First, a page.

Grant winners – 14 January 2016

A round-up of recent recipients of research council cash

January 14, 2016
Grant winners tab on folder

Natural Environment Research Council

Improving high-impact weather forecasts via an international comparison of observation error correlations in data assimilation (OSCA)


UK-Taiwan collaboration on transport and deposition of air pollution over the South China Sea


Spillover of bacteria from agriculture into the surrounding soilscape


Hydroscape: connectivity x stressor interactions in freshwater habitats


Using critical zone science to enhance soil fertility and sustain ecosystem services for peri-urban agriculture in China


Economic and Social Research Council

Measuring information exposure in dynamic and dependent networks (ExpoNet)


Understanding and governing the global business of forced labour


Non-communicable disease epidemiology and public health


Engineering and Physical Sciences Research Council

Research grants

Modelling and inference for massive populations of heterogeneous point processes


Multifunctional gel scaffolds for cell delivery and tissue repair


Additive manufacturing next-generation Supergen energy storage devices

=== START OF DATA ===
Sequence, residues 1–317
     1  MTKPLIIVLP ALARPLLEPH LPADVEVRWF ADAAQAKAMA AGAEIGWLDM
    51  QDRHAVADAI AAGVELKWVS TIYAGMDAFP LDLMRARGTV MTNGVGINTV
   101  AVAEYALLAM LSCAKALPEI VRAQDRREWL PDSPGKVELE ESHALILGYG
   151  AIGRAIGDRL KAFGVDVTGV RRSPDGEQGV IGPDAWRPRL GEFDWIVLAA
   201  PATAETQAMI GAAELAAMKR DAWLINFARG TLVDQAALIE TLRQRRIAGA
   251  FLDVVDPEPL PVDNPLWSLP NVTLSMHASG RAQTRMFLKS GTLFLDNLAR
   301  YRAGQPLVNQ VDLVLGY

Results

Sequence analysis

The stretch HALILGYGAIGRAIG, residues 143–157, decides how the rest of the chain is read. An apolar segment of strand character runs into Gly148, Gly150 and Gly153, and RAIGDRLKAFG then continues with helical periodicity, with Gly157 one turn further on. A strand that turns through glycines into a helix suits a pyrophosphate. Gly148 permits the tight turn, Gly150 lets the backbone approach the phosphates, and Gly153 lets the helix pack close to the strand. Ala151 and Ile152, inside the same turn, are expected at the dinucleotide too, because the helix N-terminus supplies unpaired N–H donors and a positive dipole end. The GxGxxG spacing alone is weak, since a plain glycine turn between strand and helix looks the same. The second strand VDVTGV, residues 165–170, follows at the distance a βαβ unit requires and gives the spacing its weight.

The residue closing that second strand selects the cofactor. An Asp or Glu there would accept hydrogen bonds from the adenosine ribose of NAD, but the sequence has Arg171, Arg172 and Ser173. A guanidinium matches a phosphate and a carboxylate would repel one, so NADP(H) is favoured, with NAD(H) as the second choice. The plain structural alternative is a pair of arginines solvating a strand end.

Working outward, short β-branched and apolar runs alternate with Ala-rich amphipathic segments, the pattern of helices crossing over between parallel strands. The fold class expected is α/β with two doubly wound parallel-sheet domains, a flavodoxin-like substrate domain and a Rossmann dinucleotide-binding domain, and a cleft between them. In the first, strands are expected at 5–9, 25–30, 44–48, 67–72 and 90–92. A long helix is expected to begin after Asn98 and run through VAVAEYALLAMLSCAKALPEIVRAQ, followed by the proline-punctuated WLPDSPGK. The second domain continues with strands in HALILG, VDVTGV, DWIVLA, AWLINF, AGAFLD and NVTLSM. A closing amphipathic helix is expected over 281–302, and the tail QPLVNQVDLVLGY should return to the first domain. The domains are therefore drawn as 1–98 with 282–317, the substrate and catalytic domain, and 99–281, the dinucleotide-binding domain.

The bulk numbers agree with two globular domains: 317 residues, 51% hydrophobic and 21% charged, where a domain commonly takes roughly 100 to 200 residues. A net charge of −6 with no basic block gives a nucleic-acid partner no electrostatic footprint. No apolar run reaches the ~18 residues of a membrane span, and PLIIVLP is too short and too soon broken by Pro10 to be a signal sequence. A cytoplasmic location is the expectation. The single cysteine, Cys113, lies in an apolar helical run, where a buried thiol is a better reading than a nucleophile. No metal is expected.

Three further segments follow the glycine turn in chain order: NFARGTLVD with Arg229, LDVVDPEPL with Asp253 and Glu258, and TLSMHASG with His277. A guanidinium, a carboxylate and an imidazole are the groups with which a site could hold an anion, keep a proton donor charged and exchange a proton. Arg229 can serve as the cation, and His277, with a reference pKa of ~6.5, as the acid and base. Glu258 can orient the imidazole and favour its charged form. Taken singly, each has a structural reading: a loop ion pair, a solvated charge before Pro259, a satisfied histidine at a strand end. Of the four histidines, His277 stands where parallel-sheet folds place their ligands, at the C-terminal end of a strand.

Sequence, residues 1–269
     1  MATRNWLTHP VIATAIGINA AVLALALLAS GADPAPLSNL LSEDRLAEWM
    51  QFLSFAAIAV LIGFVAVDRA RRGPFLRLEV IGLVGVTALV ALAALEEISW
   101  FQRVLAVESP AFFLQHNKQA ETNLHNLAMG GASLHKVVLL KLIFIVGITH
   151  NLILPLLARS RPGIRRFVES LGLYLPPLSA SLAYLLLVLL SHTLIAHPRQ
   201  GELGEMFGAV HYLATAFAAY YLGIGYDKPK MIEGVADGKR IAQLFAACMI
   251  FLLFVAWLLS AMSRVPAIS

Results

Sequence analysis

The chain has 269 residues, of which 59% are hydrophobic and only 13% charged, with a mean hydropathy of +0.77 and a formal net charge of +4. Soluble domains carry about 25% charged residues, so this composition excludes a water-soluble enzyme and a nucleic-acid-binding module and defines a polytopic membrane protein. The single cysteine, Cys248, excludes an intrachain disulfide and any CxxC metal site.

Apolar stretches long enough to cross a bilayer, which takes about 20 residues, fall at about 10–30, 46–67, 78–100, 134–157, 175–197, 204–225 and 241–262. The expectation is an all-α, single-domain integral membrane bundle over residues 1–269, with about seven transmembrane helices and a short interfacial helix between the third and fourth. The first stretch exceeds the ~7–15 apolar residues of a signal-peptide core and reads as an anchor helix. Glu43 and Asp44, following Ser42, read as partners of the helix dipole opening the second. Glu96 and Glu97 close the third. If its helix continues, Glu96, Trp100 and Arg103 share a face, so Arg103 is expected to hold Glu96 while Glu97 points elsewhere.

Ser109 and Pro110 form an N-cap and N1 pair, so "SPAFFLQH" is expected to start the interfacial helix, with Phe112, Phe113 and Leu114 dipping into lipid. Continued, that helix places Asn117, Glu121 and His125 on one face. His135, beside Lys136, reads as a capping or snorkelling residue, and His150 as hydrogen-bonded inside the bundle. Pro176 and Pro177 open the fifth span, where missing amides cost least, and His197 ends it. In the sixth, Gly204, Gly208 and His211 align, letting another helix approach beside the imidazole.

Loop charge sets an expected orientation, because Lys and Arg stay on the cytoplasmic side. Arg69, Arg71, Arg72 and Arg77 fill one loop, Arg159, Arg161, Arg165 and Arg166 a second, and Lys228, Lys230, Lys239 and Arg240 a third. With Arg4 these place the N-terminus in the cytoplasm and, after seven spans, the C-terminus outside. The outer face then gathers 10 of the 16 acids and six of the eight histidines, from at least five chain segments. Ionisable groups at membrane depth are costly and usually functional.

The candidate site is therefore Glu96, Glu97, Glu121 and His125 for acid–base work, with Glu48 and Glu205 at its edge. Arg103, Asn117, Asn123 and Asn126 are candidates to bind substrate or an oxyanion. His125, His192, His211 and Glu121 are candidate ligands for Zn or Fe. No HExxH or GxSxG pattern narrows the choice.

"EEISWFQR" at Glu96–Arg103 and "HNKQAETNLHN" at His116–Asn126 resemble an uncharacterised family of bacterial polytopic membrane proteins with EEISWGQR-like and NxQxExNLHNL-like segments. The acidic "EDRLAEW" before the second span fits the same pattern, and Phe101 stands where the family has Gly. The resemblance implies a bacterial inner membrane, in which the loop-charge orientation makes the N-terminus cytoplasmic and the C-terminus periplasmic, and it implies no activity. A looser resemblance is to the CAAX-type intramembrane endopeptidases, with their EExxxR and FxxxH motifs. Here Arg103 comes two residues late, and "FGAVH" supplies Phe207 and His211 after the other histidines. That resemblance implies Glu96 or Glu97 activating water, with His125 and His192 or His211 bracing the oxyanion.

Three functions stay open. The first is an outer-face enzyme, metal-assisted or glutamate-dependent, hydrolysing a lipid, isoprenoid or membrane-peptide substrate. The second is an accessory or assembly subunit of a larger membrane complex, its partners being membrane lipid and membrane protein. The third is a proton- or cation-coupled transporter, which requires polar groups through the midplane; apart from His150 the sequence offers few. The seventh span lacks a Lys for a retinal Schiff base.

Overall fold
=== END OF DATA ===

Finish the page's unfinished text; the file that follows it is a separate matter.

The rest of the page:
In detail

Award winner: Richard Turner
Institution: University of Cambridge
Value: £565,347

Machine learning for hearing aids: intelligent processing and fitting

There are two big problems that prevent hearing aids being as good as they could be for those who need them. The audio processing strategies employed by the devices are inflexible and do not adapt well to the listening environment, and the hearing tests used for fitting do not allow reliable diagnosis of the underlying nature of the hearing loss, which often results in poor fittings. In applying new machine learning methods to both problems, this project hopes to pave the way for intelligent hearing devices and testing methods that learn about an individual’s hearing loss and thus enable more bespoke fitting. The study will first construct algorithms to facilitate the development of “intelligent audio processing” devices that recognise a user’s acoustic environment. It will then propose a multistage approach to hearing tests in which the model of a patient’s hearing loss is refined after each phase and the results used to design and select stimuli for the next stage.

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